Wednesday, January 20, 2016
Nicholas Hooper -- Harry Potter and the Order of the Phoenix (Original Motion Picture Soundtrack)
In strange irony, despite all of the praise I give maestro John Williams, I own every Harry Potter soundtrack except for the three he composed. It's not that I don't think they are up to par with the rest of his oeuvre, but rather I don't really have much of an emotional connection with those first three Harry Potter films...they are kids movies, and when they were released, I was no longer a kid. I didn't take much interest in the films until the characters reached their teenage years (uh...that sounded improper...sorry...I mean because I can relate more to being a teenager than a child...er...leave me alone!), and my Harry Potter soundtrack collection reflects that.
Speaking of awkward, Patrick Doyle received the rather unenviable task of immediately following Williams, by soundtracking the fourth Harry Potter film when Williams was too busy with the third Star Wars prequel and myriad other projects. Doyle bowed out after that one effort, and the task of composing music for the fifth film fell to relative unknown, Nicholas Hooper. This composer choice seemed to take many soundtrack fans aback. "Almost any composer available would have thrown themselves at this project, and you got this guy?"
However, while watching the film, it is clear that Hooper is up to the task. The fifth Harry Potter film marks a harsh transition from the carefree magic of the first four films, to the dark, frightening new reality of the latter four. Trifling concerns like "Who will win the house cup this year?" are forgotten for more serious questions like, "Am I and all of my friends going to die?" Hooper's score follows suit. In my opinion, Hooper's work fits this movie to a T. Also, I don't know what "to a T" means, I've just heard it all my life and am parroting it.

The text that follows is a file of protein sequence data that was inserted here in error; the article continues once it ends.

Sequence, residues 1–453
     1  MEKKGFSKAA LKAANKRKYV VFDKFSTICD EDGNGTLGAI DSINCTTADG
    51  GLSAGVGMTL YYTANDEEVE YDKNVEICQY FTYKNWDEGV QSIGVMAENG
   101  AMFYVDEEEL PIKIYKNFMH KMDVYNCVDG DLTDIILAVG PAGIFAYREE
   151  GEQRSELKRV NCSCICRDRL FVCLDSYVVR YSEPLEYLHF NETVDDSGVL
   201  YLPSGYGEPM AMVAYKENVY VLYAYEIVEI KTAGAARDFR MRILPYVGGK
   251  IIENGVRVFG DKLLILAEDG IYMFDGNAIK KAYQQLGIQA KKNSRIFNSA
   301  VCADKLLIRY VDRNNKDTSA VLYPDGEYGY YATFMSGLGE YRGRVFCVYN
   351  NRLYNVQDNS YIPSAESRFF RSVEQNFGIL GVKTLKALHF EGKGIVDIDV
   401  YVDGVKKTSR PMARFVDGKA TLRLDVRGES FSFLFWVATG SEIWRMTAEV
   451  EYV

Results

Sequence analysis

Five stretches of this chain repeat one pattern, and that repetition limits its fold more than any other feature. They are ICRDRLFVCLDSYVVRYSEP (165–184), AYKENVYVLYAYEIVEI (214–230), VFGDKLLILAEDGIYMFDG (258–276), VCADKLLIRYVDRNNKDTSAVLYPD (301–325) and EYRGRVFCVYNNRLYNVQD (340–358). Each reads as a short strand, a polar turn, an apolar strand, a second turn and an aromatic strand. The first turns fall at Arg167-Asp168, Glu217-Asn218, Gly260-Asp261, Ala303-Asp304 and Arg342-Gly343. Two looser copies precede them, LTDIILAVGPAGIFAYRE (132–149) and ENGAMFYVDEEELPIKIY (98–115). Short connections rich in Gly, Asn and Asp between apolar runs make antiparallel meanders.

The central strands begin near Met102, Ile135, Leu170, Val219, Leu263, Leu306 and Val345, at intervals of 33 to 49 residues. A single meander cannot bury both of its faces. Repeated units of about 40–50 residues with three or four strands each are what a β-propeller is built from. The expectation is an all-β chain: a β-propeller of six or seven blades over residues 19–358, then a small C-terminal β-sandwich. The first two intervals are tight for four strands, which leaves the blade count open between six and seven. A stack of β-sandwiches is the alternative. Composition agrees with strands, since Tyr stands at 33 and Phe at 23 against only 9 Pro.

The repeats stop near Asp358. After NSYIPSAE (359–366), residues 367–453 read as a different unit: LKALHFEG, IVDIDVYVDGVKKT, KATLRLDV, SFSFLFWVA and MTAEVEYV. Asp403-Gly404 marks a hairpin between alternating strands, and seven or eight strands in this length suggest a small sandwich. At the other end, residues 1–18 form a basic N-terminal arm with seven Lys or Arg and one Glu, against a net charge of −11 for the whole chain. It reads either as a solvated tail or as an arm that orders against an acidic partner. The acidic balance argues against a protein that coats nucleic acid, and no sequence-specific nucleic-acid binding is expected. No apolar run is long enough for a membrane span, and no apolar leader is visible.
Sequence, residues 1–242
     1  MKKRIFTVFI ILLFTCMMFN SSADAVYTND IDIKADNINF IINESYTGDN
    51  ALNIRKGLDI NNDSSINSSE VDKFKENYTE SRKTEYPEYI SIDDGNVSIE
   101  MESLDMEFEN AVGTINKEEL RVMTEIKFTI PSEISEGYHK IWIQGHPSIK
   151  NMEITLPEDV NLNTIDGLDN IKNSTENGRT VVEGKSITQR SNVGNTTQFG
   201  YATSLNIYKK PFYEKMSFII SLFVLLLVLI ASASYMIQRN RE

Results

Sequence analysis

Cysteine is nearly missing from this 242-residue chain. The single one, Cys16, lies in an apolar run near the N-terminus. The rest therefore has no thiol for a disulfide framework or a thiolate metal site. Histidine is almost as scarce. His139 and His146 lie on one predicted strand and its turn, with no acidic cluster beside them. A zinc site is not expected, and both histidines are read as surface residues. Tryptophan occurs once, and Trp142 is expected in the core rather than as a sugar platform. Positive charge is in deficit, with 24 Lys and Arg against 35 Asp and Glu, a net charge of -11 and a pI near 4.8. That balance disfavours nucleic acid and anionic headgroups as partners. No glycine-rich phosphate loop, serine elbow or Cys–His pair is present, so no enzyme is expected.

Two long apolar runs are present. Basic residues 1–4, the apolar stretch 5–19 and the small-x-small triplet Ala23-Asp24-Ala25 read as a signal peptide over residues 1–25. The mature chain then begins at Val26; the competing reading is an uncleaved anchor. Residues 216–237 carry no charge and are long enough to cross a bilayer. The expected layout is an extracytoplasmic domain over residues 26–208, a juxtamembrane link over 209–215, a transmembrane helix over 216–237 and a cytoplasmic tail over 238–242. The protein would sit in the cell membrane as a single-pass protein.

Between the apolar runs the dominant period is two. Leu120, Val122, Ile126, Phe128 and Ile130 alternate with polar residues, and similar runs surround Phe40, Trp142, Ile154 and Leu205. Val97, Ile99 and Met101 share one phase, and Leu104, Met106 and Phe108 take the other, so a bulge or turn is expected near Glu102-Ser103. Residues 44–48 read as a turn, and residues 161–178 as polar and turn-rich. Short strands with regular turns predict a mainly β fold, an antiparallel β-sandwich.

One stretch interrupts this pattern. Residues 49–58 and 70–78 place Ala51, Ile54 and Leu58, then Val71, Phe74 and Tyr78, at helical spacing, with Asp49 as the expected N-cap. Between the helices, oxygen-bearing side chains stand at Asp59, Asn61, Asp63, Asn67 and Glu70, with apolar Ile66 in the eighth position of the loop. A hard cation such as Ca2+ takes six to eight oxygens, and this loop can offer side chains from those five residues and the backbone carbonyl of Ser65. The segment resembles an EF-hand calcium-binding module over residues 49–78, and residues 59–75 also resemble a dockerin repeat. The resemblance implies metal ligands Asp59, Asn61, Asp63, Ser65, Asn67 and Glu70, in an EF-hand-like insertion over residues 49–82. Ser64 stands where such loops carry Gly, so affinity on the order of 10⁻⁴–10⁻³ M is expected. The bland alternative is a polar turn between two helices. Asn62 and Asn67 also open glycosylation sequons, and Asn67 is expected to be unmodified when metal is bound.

Hooper's score is dark and brooding, just like the film, as Harry finds himself alienated, disbelieved, and persecuted. Much of Order of the Phoenix is a mental and spiritual battle for Harry more than a physical one, so the soundtrack is populated with quiet strings and subtle electronic ambient textures. However, there's a hope brewing beneath the surface which is at times given a chance to explode.
Phoenix's soundtrack album begins with the raucous "Fireworks," which features a boisterous string section that experiences a surprise rendezvous with some loudly distorted electric guitar halfway through. "Fireworks," showcasing new sounds, but not immediately focusing on the bleak tone, is a pretty brilliant piece to open up the album. Another moment of intense, yet hopeful emotion comes in track ten, "A Journey to Hogwarts," featured during a segue where Harry confesses his anger and confusion to his uncle and confidant, Sirius Black, then returns to school from Christmas break. Hooper works his way from more quiet sounds to clashing strings and woodwinds that build and blossom into a powerfully optimistic statement. He does something similar in the final track, "Loved Ones and Leaving," which brings to mind fraternal unity in the face of darkness. However, the centerpiece for this album, and perhaps for the musical journey of the Harry Potter films in general, is track seven, "Possession."